Selected News

Lacrosse champ endured racism

Before every Brantford Warriors lacrosse game in 1971, Ross Powless, the team's former player and coach, a member of the Canadian, and later, the Ontario lacrosse halls of fame, crossed the floor to speak with coach Morley Kells. As they chatted, Mr. Powless wagged his finger at Mr. Kells, now an Ontario MPP. To the spectators above, it looked as if he were advising the coach on the upcoming game.

Thousands gather for anti-racism march

Thousands assembled at a government-erected tent city to put finishing touches on banners for an anti-racism march intended to kick off the rallies. Anti-globalisation activists, ecologists, student groups and communists are expected to join a larger anti-EU protest tomorrow that could challenge security around the summit site in Porto Carras, south-east of Thessaloniki. The Greek Civil Servants Federation has called for a strike to allow its members to attend.

'Anti-Islamic Racism' More Accurate Expression of Islamophobia

The term 'Islamophobia' has only very recently been coined, as recent as the mid-1990s. It is one of a whole range of expressions that has grown out of the 'politically correct' ethos of the 1990s. The spirit of multi-culturalism and pluralism was the climate that enabled the birth and circulation of the term. But unlike other terms born at this time it has not become household currency; Muslim organizations alert to discrimination against Muslims appear to be the only users of the term, and there has been no shortage of occasions to use it.

Racism hampers youth work with separated children

A report published yesterday found 1,213 unaccompanied children have sought asylum here between 1998 and 2002. The minors, mainly aged 16-18, arrive in Ireland on their own without parents or guardians. The report, by the National Youth Council of Ireland, called for more programmes for these vulnerable people, but it pointed out that there were a number of obstacles, including: a lack of skills in the youth sector; a lack of financial resources; a lack of leadership from large youth organisations; existence of racist attitudes. On this last point, the report said:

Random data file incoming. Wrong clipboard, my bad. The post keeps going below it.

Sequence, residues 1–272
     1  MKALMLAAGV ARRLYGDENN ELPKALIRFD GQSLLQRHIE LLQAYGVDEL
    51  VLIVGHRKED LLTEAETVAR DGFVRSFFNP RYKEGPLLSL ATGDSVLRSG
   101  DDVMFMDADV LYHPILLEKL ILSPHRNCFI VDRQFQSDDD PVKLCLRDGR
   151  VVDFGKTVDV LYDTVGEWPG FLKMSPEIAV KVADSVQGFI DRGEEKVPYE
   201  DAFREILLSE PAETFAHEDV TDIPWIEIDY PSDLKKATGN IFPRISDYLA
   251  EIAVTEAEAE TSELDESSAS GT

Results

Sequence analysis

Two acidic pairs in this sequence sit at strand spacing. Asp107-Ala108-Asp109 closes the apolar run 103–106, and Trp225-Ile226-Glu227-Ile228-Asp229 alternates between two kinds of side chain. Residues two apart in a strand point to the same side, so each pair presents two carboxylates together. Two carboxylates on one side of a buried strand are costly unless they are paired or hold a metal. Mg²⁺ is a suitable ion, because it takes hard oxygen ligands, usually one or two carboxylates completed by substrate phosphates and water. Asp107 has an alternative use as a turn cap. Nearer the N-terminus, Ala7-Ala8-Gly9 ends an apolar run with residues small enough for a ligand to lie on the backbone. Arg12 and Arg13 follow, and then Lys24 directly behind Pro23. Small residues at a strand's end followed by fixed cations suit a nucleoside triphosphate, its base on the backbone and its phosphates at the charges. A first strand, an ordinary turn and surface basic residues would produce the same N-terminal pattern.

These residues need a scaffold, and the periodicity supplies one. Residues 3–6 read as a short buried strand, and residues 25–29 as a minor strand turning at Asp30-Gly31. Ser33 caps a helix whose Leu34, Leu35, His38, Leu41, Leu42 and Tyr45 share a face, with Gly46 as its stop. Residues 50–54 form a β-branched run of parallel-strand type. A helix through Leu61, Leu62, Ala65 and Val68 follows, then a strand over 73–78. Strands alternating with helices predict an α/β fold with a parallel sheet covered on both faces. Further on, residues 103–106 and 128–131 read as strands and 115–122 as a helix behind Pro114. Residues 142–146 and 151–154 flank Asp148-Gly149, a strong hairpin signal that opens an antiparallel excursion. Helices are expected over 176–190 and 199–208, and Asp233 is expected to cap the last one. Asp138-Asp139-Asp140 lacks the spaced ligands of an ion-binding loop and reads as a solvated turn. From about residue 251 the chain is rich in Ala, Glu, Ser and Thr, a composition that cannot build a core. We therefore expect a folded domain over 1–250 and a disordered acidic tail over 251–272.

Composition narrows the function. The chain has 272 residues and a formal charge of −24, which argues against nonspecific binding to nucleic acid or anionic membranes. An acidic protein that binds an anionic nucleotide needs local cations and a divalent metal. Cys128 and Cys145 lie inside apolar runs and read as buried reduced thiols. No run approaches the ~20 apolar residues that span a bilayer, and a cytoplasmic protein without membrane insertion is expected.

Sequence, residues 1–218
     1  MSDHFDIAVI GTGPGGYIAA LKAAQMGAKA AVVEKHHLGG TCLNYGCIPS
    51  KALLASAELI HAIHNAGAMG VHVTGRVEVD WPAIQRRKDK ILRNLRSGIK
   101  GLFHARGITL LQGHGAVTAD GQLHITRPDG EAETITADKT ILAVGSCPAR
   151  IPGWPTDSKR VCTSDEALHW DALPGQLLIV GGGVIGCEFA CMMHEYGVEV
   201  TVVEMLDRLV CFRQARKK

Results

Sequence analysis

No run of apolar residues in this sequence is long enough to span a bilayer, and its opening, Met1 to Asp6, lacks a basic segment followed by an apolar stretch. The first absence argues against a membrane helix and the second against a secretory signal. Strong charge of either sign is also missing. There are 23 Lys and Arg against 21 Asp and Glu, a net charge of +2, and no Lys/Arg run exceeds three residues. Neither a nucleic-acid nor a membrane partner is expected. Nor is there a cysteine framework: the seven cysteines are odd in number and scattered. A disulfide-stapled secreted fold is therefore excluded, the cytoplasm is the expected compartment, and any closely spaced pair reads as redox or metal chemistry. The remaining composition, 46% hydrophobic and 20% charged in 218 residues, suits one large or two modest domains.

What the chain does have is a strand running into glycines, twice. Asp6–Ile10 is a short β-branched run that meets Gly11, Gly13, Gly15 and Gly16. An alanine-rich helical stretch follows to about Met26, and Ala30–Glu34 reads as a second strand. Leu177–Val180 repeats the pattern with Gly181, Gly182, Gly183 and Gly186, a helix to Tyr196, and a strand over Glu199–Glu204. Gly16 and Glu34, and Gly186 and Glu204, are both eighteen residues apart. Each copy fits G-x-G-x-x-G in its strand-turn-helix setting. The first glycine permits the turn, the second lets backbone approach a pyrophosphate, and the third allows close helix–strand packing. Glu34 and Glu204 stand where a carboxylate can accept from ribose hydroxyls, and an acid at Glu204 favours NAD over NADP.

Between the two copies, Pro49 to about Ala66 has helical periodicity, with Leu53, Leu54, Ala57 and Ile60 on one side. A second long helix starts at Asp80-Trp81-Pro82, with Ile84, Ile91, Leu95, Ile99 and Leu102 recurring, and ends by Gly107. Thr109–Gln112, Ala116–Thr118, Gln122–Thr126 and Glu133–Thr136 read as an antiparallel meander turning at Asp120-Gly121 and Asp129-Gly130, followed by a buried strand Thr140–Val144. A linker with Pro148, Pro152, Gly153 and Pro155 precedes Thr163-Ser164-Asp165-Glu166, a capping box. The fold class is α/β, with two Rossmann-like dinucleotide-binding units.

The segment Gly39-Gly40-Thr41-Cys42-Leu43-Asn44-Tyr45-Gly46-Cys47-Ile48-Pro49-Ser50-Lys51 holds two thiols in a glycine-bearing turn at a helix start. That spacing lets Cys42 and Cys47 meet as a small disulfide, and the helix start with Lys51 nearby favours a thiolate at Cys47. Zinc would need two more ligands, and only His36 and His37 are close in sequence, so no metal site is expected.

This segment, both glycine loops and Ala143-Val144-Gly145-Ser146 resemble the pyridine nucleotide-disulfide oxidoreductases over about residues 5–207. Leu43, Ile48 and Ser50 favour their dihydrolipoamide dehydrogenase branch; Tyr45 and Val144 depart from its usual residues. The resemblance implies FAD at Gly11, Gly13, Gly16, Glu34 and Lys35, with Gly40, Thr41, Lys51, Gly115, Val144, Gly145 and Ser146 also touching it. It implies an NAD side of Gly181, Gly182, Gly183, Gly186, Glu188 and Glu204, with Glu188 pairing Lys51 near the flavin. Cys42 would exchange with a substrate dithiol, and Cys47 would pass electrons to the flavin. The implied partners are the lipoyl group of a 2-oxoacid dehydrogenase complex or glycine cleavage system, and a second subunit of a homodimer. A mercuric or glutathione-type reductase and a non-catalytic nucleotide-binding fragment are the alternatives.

Racism: Past and present

Would you pay more for a recyclable, hydrogen-based fuel system?More USA TODAY Snapshots At Arlington (Va.) National Cemetery on Monday, Myrlie Evers-Williams was honored by black and white politicians at the grave of her husband, civil-rights leader Medgar Evers, to mark the 40th anniversary of his death. The decorated veteran of World War II was assassinated in the driveway of his home for trying to register black Mississippians to vote. Both commemorations teach young people about a shameful era -- and a heroic struggle -- they never experienced.

Both racism and politics at root of Mideast conflict

What Spector also leaves out is that in almost all Arab countries Jews have absolutely no property rights. Israel is made up of individual Jews who have been persecuted, or kicked out of these totalitarian, oligarchic and theocratic societies. Many of their relatives were killed or imprisoned in these Arab countries. Hamas and other terrorist organizations which are supported by many Arab countries and many individual Arabs represent the spearhead of an officially sanctioned racism prevalent in Arab countries.

The 19th century Scots who fought US racism

They married native Americans, learned their language, adopted their lifestyle and fought for their rights. The impact of 19th century Scots on the native tribes of the modern United States is immense and it is common to find native Americans with names such as MacDonald, MacKenzie and Ross. In a new book, Twa Tribes, by Tom Bryan, a Canadian historian living in Scotland, the influence of Scots is examined through the lives of three men from Nairn, Easter Ross and Dunbartonshire.